If you've been told you have weak 'interpersonal skills,' then you should be terrified by the robot workforce

Robots are coming for our jobs. But it will be ages before they take jobs you think can only be done by humans, right? Because, humans possess certain unique skills like “interpersonal skills.”

Well, it’s not that simple. The robots might be coming for your job, even if you think it seems safe.

Robots face the “interpersonal skills” hurdle

At last year’s Jackson Hole conference of economists and central bankers, MIT economics professor and expert on technology’s effects on the labour market David Autor made the argument that several jobs are probably not going to be automatable over the next few decades — namely, jobs in which “routine tasks are too intertwined with those requiring interpersonal and other human skills to be easily replaced.”

This is consistent with the seminal recent paper on automation and the future of the labour force by Carl Frey and Michael Osbourne, 2013’s “The Future of Employment.” Frey and Osbourne used data from the Bureau of Labour Statistics’ O*NET database, which includes a huge array of characteristics of various occupations. They identified jobs that they deemed to be unlikely to be automated, based on how much those jobs involve difficult to automate characteristics like perception, fine motor skills, creativity, and social aptitude.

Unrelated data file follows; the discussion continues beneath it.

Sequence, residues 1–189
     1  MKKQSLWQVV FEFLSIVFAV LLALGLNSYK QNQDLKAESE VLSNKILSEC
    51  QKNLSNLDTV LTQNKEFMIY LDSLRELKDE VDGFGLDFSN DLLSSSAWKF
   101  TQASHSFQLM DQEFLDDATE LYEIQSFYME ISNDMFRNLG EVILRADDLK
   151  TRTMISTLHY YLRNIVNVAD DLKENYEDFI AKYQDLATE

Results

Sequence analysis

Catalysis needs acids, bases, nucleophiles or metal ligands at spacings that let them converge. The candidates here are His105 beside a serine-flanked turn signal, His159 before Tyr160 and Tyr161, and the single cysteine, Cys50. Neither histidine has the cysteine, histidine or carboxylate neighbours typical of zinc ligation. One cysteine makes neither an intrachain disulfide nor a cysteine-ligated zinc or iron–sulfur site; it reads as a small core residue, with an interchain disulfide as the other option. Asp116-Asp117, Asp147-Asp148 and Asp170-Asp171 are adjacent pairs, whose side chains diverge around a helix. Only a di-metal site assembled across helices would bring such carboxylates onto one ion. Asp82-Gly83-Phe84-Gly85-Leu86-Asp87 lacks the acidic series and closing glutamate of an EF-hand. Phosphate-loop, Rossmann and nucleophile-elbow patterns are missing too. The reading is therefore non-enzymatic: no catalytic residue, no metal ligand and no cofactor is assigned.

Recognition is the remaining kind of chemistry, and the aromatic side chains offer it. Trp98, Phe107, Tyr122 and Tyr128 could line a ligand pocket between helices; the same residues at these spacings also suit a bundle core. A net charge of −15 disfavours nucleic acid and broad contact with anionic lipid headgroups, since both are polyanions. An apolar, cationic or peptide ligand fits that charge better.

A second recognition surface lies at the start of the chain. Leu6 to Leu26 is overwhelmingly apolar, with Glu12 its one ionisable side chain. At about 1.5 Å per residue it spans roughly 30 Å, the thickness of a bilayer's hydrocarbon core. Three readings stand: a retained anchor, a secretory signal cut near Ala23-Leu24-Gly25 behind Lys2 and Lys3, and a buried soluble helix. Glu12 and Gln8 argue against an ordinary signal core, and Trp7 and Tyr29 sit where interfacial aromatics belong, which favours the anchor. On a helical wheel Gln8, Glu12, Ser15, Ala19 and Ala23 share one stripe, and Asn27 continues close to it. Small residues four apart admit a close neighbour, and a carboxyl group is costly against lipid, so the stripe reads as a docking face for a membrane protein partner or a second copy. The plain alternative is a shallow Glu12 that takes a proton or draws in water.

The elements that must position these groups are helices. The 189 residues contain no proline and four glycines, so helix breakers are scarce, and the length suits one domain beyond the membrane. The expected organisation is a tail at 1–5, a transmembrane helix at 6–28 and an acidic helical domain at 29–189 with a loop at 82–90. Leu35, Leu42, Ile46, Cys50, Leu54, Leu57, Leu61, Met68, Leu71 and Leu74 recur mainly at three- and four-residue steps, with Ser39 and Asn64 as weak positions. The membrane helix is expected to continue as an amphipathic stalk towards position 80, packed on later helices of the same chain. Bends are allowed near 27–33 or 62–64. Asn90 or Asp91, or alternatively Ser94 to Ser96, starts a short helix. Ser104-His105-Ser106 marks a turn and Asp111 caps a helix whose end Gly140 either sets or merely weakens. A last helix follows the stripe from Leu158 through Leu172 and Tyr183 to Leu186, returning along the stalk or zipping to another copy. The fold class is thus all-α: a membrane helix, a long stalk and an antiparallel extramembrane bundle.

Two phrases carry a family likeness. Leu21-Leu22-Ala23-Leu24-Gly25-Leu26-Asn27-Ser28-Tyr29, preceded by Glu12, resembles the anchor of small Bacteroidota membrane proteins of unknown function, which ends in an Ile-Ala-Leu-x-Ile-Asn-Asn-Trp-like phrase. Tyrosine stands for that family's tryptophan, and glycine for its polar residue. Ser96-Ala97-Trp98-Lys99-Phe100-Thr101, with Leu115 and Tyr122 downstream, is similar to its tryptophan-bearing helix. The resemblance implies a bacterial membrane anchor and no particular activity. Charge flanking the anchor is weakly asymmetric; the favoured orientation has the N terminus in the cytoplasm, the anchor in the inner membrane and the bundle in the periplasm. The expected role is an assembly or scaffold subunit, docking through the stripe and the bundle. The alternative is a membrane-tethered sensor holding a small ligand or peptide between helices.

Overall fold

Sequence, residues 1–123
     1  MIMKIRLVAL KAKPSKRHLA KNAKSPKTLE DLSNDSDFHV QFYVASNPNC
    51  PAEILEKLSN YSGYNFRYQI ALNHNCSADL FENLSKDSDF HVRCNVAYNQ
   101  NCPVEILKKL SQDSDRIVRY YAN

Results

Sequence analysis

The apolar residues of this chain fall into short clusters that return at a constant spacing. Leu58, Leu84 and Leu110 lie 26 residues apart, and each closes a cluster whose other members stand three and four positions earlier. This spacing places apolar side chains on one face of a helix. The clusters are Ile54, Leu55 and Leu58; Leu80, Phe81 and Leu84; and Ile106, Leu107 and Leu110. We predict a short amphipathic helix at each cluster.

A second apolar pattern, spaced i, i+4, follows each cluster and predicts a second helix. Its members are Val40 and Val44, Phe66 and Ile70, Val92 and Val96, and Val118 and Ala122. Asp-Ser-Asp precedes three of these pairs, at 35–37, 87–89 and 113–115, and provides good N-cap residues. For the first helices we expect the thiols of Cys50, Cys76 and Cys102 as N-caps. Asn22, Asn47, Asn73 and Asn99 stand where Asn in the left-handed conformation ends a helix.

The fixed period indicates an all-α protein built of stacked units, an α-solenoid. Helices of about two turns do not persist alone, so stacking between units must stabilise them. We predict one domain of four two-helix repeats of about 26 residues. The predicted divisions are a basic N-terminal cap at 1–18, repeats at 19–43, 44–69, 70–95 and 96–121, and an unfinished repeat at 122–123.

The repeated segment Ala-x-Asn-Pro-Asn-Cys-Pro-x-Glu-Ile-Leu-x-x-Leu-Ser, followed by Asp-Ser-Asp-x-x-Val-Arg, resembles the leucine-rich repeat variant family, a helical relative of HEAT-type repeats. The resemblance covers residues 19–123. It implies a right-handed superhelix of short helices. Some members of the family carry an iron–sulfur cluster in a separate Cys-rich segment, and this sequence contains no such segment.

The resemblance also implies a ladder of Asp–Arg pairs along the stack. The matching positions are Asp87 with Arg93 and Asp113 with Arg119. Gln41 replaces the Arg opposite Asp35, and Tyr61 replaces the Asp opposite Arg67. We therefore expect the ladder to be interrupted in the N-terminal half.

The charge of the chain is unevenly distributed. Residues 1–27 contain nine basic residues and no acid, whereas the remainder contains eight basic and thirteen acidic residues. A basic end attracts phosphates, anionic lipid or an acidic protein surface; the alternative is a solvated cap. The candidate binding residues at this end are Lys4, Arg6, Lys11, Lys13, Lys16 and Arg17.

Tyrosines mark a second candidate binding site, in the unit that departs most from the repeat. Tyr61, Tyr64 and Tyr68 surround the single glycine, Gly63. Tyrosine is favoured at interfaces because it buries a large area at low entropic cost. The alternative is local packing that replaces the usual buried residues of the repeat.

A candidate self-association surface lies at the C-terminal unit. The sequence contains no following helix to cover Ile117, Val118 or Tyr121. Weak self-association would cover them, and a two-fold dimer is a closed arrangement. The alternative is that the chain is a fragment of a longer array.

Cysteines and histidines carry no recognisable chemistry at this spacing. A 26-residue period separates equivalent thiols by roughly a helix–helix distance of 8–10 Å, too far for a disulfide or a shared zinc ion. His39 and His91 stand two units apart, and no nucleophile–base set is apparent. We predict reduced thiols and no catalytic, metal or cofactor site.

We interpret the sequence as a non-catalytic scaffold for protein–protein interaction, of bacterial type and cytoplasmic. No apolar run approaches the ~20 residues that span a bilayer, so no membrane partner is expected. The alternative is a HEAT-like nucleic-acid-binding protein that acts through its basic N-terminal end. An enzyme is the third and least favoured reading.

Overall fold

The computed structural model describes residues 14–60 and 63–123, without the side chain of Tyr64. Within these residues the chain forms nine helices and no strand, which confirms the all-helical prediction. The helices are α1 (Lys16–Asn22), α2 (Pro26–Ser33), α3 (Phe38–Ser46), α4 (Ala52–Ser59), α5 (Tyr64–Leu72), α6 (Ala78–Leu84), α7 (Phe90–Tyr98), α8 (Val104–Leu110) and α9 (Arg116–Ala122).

On a broad scale, they found that several management, STEM, education, and medical jobs were safe from the robots, while many service, sales, and administrative jobs are at risk:

On a finer level, among the least likely jobs to be automated are those that do in fact involve a fair amount of cognitive skill along with human interaction: Occupational therapists, surgeons, choreographers, pre-school teachers, and clergy are among the professions for which Frey and Osbourne found a less than 1% chance of automation.

But there are plenty of humans who are failing to leverage their advantage over the robots

It might be a mistake for the kinds of workers mentioned above to get too complacent.

On Friday, CEO of Ritholtz Wealth Management Josh Brown tweeted out the observation that “To replace a human worker, a robot doesn’t have to be perfect – it just has to make fewer mistakes than people do, a very low hurdle.”

Most of us have called a computerised customer service line and been frustrated at the machine’s inability to understand what we were saying. Despite that imperfection, automated phone help lines are still very common.

This gets even worse when we consider the interpersonal skills that are assumed to be the great bulwark against automation. An April New York Fed survey found that 51% of manufacturing employers and 38% of business leaders had difficulty in finding workers with these skills. The survey also showed that 57% of manufacturers and 34% of business leaders had difficulty in finding punctual and reliable workers:

While the robots of the near future might not be as good at combining cognitive and interpersonal skills as most humans, they might still be good enough for employers, and they will definitely be at work on time.

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